Sen. Chantal Petitclerc recounted her own experience with a disability as she sought Tuesday to counter criticism of a bill to expand access to medical assistance in dying.
Bill C-7 has been widely condemned by disability rights advocates who contend the legislation sends the message that life with a disability is a fate worse than death.
They also argue that persons with disabilities, particularly Black, Indigenous and racialized individuals, will be pressured, directly or indirectly, to end their lives prematurely due to societal attitudes, poverty and the lack of support services.
But Petitclerc, a former Paralympian who is sponsoring the bill in the Senate, used her own experience to argue that the bill strikes a balance between protecting the vulnerable and respecting the autonomy of individuals to seek medical help to end intolerable suffering.
She lost the use of her legs at the age of 13 when a barn door fell on her. At the time, she said her mother was recently divorced, working a low-wage job and caring for three young children. Her mother had to “carry me up and down to the second floor of our apartment building because we could not afford to move,” Petitclerc, a member of the Independent Senators Group, said as she kicked off final debate on the bill.
“So, I may be privileged to be here in the Senate of Canada but I never forget where I come from and I know exactly what it is to be in a situation of extreme vulnerability.”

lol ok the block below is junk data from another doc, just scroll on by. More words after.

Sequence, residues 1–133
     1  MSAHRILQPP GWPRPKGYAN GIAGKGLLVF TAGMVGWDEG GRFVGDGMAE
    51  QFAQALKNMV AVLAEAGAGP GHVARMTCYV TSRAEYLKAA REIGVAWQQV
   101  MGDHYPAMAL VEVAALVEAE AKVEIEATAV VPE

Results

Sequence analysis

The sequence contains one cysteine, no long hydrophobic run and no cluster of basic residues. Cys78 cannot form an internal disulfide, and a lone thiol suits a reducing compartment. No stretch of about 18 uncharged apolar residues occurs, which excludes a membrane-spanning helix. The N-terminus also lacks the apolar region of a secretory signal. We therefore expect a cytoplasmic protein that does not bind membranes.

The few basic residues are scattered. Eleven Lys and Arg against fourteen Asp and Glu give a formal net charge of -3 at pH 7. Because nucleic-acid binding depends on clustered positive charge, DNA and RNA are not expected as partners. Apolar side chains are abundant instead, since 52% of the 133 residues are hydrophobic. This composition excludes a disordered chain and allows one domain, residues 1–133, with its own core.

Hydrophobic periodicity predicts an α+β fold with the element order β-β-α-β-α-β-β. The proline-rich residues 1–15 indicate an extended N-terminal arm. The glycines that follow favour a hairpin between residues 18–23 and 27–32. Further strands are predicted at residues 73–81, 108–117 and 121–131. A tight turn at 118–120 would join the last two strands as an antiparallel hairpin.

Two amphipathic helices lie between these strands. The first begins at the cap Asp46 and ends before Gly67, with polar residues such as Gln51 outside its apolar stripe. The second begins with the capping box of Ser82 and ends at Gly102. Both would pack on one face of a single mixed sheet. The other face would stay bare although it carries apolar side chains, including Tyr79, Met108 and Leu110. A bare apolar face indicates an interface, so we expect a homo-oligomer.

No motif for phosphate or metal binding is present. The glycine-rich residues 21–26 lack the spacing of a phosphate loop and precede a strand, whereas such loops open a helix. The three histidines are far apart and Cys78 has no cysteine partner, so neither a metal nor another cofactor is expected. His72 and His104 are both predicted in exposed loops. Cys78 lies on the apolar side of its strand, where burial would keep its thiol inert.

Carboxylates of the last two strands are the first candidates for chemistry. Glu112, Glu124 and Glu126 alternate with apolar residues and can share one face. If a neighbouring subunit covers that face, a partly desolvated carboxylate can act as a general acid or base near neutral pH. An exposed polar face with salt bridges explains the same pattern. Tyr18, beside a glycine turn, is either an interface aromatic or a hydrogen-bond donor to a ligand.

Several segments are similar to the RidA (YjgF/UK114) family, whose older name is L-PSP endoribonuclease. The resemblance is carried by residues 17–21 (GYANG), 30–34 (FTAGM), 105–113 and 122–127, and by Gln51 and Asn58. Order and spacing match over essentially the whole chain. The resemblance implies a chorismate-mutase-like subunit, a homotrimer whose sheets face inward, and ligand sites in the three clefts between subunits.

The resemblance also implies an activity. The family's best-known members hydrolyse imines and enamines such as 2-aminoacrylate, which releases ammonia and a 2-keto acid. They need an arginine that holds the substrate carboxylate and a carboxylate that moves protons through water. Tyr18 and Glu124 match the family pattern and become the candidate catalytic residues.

At the same time, Petitclerc said the bill has evoked in her a strong memory of the excruciating pain she endured in the weeks following her accident as nurses regularly moved her from side to side in her hospital bed to prevent pressure sores.
If she was ever in a position where she was in “pain that unbearable but that would be irremediable, I too would fight for the right” to seek medical help to die, Petitclerc said.
Bill C-7 would expand access to assisted dying to intolerably suffering individuals who are not near the natural end of their lives, bringing the law into compliance with a 2019 Quebec Superior Court ruling.
Petitclerc said critics have “implied that access would be easy or unmonitored” and sought to dispel that notion.
“That simply is not the case,” she said.
She pointed out that an individual must be a competent adult with a grievous and irremediable medical condition, in an advanced state of irreversible decline that causes intolerable, enduring suffering that can’t be relieved by treatment acceptable to the patient.
For people who are not approaching the natural end of their lives, Petitclerc said the bill would impose additional safeguards.
What they want from government is not fast-track to death but rather the necessary financial and other supports that give them the option to live a dignified life.– Sen. Denise Batters
Two medical practitioners would have to agree that the person meets the criteria for an assisted death and had not been pressured in any way.
The assessment period would have to last a minimum of 90 days, during which the patient would have to be informed of all alternative means of relieving their suffering, including counselling, community services and palliative care, and be offered consultations with professionals who provide those services.